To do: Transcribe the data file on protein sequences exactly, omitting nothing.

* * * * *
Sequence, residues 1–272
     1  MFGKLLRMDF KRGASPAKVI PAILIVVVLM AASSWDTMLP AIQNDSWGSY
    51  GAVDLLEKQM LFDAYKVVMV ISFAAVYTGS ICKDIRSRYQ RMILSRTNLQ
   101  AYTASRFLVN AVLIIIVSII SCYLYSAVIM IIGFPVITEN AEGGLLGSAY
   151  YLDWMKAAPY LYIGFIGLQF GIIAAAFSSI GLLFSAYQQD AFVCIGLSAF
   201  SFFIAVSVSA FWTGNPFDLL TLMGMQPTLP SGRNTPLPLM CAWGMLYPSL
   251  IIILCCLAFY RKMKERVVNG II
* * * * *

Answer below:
Sequence, residues 1–272
     1  MFGKLLRMDF KRGASPAKVI PAILIVVVLM AASSWDTMLP AIQNDSWGSY
    51  GAVDLLEKQM LFDAYKVVMV ISFAAVYTGS ICKDIRSRYQ RMILSRTNLQ
   101  AYTASRFLVN AVLIIIVSII SCYLYSAVIM IIGFPVITEN AEGGLLGSAY
   151  YLDWMKAAPY LYIGFIGLQF GIIAAAFSSI GLLFSAYQQD AFVCIGLSAF
   201  SFFIAVSVSA FWTGNPFDLL TLMGMQPTLP SGRNTPLPLM CAWGMLYPSL
   251  IIILCCLAFY RKMKERVVNG II